Spokesman Tarik Jasarevic said yesterday that the Express.co.uk hackers were targeting the WHO in several ways, including vishing (voice phishing), email phishing, WhatsApp phishing and social media scams. The Geneva-based health agency is central to the worldwide effort to stop the spread of disease – and therefore anything that slows down its operation will ultimately endanger lives. So far, the identity of the culprits remains uncertain.
Mark Mulready of Irdeto, a cybersecurity expert, told Express.co.uk: “Assignment is one of the most challenging aspects of cyber attacks.
"Known ransomware operators have stated that they will not target health and medical organizations during the COVID-19 pandemic.
"However, there are already reports that a hospital in the UK has been hit by the Maze ransomware."
However, Mulready added: “The most likely scenario would be a state-sponsored attack.
"There have been countless reports that Russia is linked to the conduct of a disinformation campaign around COVID-19.
"Russian media observers in the EU have observed a significant number of articles that contain false and misleading information about the coronavirus pandemic designed to incite unrest in the West.
SEE MORE INFORMATION: Coronavirus crisis – insensitive hackers attack the World Health Organization
"They need to increase their cybersecurity levels.
"Do not trust systems with outdated and vulnerable software.
"Patch, patch, patch and test, test, test.
"Ensure that you have a secure backup (which would not be automatically affected in the event of a ransomware attack and test it) and have robust anti-phishing measures, as most ransomware infections begin with a mouse click by an employee".
Russian hackers are widely accused of targeting the 2016 US presidential election with a disinformation campaign.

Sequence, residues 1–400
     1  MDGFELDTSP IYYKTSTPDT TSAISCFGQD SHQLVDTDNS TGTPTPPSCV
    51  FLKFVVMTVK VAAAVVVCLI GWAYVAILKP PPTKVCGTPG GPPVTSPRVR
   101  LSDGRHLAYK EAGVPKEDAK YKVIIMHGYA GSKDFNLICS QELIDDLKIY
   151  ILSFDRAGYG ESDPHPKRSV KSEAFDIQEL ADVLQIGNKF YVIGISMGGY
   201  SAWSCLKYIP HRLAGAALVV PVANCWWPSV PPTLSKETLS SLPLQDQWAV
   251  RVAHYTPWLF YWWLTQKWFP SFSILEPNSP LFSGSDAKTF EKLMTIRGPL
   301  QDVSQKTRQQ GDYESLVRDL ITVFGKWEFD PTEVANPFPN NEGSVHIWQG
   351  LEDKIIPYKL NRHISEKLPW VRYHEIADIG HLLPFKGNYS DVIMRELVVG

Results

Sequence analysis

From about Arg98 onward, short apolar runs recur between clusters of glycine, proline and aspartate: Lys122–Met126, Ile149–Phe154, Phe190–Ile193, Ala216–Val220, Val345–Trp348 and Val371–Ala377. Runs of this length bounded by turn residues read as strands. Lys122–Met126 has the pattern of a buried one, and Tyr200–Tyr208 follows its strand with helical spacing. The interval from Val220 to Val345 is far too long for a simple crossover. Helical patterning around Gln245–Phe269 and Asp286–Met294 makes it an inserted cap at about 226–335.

A report published by Microsoft in October blamed Russian-sponsored hacker group Fancy Bear, which Microsoft has internally named Strontium, for "significant cyber attacks" on 16 national and international anti-doping and sports organizations, including the World Anti-Doping Agency (WADA) ).
Tom Burt, corporate vice president of security and customer trust at Microsoft, wrote: “The methods used in the most recent attacks are similar to those routinely used by the Strontium to target governments, armed forces, think tanks, security offices, advocacy, human rights organizations, financial companies and universities around the world.
"Strontium's methods include spear-phishing, password spraying, exploiting devices connected to the Internet and using open source and custom malware."
Speaking in 2017, Putin said: "Artists can act on behalf of their country, they wake up in a good mood and paint things.
"Even with the hackers, they woke up today, they read something about the relations between states.
"If they are patriotic, they contribute in whatever way they think is right, to fight those who say bad things about Russia."